COLORADO SPRINGS — We're continuing to track our incoming holiday weekend weather-maker forecast to bring scattered rain and snow showers beginning Saturday morning with an initial impact for the Sangre de Cristos before isolated rain and snow showers move north along the I-25 corridor.
A few showers will be heavy, but accumulations will be minimal with warm air in place. We'll experience a lull in the action that will occur during the middle of Saturday before heavy snow showers return Saturday evening as a cold front moves through the area.
Snow could be heavy at times Saturday night through Sunday morning, particularly between Colorado Springs and Denver. Some uncertainty remains on the overall amount of instability present during this activity which will impact snowfall rates.
Regardless, plan to avoid travel between the Springs and Denver during that time frame.
Sunday will be quite breezy, with gusts of 35-45 mph possible along the Front Range Corridor leading to areas of blowing snow. It will remain cold on Sunday as well due to the cold northerly wind.
Christmas Day will be seasonably cool and dry, with a light coat of white on the ground likely from the weekend storm system - at least for any areas that see the snow. Temperatures climb the stairs through the week as high-pressure returns to the state.
Snow squalls are expected with quick intense bursts of snow accompanied by strong, gusty winds. The National Weather Service may issue snow squall warnings for areas impacted. These conditions bring treacherous travel conditions due to decreased visibility. The most common danger on the roads during snow squalls are chain reaction crashes as drivers slow down or try to move off the roadway.
Curious about the First Alert 5 Weather Storm Impact Scale? Check out our cheatsheet explainer.
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Your weekend Ski Report
CITY AND STATE PREPARATIONS
City of Colorado Public Works crews are preparing for the possibility of freezing precipitation on the roads due to rain before the snow. Crews will be hooked up in preparation by Friday afternoon and watching conditions closely across the city.
You can always check the city's snowplow information site to see road conditions, where plows have visited, and learn more about how roads are prioritized.
As for the Colorado Department of Transportation and Colorado State Patrol, staff are planning for interesting conditions in the high country.
"Heavy traffic is anticipated on Interstate 70 between Denver and Eagle County during the week following Christmas due to typical increases. To help with traffic flow, road projects along the I-70 mountain corridor will be suspended from Friday, Dec. 22 to early January 2024, after the New Year’s Day holiday," according to a release.
Don't forget the option of using Bustang Services. CDOT is running its Snowstang bus service on weekends and Monday holidays (except Christmas and New Year’s Day), with roundtrip express service to Arapahoe Basin, Breckenridge, Copper Mountain, Loveland Ski Area and Steamboat Springs.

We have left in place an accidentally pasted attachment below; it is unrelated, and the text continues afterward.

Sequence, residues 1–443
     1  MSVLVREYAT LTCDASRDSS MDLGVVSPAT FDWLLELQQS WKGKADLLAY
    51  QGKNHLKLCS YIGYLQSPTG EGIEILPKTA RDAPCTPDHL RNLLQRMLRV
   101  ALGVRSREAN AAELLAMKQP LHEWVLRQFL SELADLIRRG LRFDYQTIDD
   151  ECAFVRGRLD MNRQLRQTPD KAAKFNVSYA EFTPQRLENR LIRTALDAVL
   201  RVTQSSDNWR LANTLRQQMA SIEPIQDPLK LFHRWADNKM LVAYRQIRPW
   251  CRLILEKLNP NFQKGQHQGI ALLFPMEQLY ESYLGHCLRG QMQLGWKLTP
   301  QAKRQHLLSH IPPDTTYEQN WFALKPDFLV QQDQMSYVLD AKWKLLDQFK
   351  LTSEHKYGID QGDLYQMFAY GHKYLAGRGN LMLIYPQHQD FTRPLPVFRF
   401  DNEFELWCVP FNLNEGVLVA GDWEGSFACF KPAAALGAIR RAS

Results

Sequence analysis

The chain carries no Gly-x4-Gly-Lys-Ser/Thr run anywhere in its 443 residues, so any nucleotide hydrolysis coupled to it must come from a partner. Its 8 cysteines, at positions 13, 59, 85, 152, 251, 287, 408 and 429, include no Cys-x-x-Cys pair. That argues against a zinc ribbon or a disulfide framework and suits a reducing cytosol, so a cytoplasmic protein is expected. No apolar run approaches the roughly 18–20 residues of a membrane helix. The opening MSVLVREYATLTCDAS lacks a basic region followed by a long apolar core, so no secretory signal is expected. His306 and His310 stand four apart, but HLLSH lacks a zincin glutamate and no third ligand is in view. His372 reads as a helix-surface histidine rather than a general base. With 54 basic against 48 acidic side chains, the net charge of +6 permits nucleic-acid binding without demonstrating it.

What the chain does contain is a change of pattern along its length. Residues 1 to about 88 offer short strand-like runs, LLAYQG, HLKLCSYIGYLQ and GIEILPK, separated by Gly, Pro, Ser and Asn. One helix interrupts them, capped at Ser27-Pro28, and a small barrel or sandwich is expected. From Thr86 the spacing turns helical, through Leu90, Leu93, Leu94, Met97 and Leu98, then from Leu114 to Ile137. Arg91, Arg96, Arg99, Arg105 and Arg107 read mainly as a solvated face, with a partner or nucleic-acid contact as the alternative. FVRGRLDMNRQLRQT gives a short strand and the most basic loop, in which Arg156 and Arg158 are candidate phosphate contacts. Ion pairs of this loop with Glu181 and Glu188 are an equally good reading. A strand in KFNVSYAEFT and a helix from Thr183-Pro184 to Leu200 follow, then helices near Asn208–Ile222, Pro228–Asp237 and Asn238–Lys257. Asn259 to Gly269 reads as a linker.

CDOT maintains a robust COtrip.org site allowing anyone to see road conditions, incidents, and follow along with traffic cameras. You can also check the status of snowplows across the state.
Wherever the Colorado Department of Transportation or the Colorado State Patrol puts them into effect all vehicles on the highway or interstate listed must have either snow tires, four-wheel drive or all-wheel drive, or another alternative traction device.
If you’re caught without those, or with tires that have less than a 1/8th of an inch of tread, you could be fined up to $650 if you cause an accident or block the road.
Implementation of the passenger vehicle chain law is pretty rare, as it is the last resort for CDOT before shutting down a road.
Under this law, every single vehicle on the road must have chains or an alternative traction device. The fines for violators are again up to $650 if you cause an accident or block the road.
While these laws will be used mostly in the mountains they can be implemented on any Colorado highway by CDOT or local authorities.
For more information on traction and chain laws in Colorado, visit CDOT’s page.
WHAT TO KEEP IN YOUR CAR
Everyone should carry a Survival Kit in their car year-round, but in Colorado, you need to tailor that for winter driving.
- a shovel (There are small foldable shovels)
- windshield scraper
- flashlight with extra batteries
- battery powered radio
- snack food including energy bars
- raisins and mini candy bars
- matches and small candles
- extra hats, socks and mittens
- First aid kit with pocket knife
- Necessary medications
- blankets or sleeping bag
- tow chain or rope
- road salt, sand, or cat litter for traction
- booster cables
- emergency flares and reflectors
- Cell phone adapter to plug into lighter
New to a state with winter weather? We recommend checking out our guide to winter weather driving on snow and ice.